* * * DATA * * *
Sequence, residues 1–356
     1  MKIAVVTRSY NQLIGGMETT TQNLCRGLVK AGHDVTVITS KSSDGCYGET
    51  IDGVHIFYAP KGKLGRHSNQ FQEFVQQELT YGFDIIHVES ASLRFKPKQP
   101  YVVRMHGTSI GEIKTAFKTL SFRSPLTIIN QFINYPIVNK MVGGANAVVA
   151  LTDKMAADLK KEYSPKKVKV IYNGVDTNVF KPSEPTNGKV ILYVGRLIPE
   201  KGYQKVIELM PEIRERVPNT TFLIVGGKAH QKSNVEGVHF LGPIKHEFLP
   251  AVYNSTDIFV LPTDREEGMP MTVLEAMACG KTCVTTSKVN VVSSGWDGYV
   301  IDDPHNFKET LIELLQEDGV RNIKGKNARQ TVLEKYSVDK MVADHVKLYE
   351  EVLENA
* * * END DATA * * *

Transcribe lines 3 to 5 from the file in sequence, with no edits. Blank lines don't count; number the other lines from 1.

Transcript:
    51  IDGVHIFYAP KGKLGRHSNQ FQEFVQQELT YGFDIIHVES ASLRFKPKQP
   101  YVVRMHGTSI GEIKTAFKTL SFRSPLTIIN QFINYPIVNK MVGGANAVVA
   151  LTDKMAADLK KEYSPKKVKV IYNGVDTNVF KPSEPTNGKV ILYVGRLIPE